Friday, December 28, 2018

DAY 25: The Kinsky Horse

Equus Kinsky
Charles Kinsky, as he was known in England, was heir to vast estates throughout the Austro-Hungarian Empire when Jennie first met him in 1883. Although at age 25 Charles was known in London primarily as a sportsman and diplomat, he would one day be the eighth Prince Kinsky, latest in a noble line stretching back to the twelfth century. His house's fortunes had multiplied throughout successive centuries of warfare and power in Central Europe. But they were founded on the backs on one thing in particular--horses.

Chateau Karlova Koruna, Chlumec, Czech Republic

The Kinskys rose to prominence as breeders of perhaps the most famous horse stud in Central Europe--the Equus Kinsky. A palomino with a curiously metallic sheen to its hide that made it seem to be fashioned from gold, the Kinsky Horse was the official cavalry mount of the Austro-Hungarian Empire by 1723.  

During Charles's time in Victorian London, the princely line of the family was better known for its political power and diplomatic careers (although his mother, Princess Marie of Lichtenstein und Kinsky, was acknowledged as one of the finest horsewomen in Europe.) But a lateral family branch based near the Kinsky estate in Chlumec, Chateau Karlova Koruna, perfected the breeding program throughout the 19th century. Count Oktavian Kinsky, one of the most famous horsemen of the period, established the Equus Kinsky studbook in 1838 in Chlumec and oversaw the breeding program throughout his long life.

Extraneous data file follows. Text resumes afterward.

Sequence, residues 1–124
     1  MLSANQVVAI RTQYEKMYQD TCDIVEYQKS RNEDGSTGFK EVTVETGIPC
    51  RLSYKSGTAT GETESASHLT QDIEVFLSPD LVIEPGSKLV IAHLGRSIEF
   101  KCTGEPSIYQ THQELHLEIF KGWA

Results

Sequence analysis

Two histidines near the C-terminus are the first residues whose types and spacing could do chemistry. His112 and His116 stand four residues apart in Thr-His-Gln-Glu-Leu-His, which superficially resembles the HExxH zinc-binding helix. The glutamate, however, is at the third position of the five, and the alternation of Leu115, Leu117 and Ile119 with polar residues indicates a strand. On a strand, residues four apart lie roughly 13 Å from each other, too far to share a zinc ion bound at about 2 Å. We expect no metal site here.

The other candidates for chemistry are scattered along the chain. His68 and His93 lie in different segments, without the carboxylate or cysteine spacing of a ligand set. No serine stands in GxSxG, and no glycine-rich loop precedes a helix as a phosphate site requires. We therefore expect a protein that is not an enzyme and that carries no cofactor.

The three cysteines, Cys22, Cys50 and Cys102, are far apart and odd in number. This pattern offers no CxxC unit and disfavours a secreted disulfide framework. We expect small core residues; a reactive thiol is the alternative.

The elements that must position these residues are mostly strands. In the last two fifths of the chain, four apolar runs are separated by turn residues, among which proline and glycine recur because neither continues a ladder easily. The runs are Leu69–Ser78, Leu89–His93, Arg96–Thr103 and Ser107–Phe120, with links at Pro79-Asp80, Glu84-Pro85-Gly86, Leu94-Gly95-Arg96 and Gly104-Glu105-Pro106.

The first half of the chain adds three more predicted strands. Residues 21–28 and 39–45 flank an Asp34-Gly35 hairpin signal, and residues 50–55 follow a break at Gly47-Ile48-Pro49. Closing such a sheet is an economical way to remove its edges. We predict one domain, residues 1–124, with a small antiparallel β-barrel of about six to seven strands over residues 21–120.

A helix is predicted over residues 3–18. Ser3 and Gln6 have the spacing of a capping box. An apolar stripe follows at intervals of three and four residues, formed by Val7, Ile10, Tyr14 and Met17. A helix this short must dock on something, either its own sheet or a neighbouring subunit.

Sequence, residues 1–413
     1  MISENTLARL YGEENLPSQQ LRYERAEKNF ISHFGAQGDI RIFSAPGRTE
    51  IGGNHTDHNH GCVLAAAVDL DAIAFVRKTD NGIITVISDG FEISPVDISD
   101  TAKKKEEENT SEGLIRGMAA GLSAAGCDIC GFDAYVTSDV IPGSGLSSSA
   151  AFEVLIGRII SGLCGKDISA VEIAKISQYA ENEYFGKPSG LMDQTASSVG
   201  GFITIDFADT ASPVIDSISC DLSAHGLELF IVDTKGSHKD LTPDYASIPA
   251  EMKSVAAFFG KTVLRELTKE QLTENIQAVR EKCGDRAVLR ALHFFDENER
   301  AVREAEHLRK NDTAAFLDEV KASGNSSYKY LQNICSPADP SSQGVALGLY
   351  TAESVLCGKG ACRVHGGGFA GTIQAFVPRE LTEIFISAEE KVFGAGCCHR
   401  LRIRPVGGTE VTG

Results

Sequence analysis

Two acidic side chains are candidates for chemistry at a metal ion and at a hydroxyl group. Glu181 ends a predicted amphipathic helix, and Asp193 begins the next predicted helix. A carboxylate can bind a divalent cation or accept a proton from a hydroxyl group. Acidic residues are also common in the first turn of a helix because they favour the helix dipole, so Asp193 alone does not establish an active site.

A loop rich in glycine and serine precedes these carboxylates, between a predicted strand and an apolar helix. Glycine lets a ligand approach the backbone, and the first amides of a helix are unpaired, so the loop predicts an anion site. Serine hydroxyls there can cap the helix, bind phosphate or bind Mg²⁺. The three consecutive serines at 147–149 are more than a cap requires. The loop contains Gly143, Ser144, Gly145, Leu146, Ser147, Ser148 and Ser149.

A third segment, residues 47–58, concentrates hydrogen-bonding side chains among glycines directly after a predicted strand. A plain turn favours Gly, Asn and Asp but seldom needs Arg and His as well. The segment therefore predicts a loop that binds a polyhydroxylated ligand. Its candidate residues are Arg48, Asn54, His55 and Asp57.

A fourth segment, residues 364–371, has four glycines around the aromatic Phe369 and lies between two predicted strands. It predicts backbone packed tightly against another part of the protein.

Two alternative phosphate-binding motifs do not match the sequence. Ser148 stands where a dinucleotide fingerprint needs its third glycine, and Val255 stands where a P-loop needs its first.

Of course, Charles himself was famous in 1883 for having won the Grand National Steeplechase on a mare named Zoedone--an English-bred filly from a farm near Exeter, that Charles bought after watching her hunt in the field with the Melton pack. (Some historians erroneously report that Zoedone was an Equus Kinsky brought over from Bohemia, but this is incorrect.)

When the USSR invaded Czechoslovakia following World War II, Soviet authorities seized the Kinsky estate at Chlumec and the entire herd of horses, ending family control of the stud until the fall of the Berlin Wall in 1989. Today, there are less than 1000 Kinsky horses registered in the world; but the Czech Republic has recognized its significance as a historic and national treasure. 

They even put one on a postage stamp.

For more images from THAT CHURCHILL WOMAN, visit the  Pinterest board behind the novel. 

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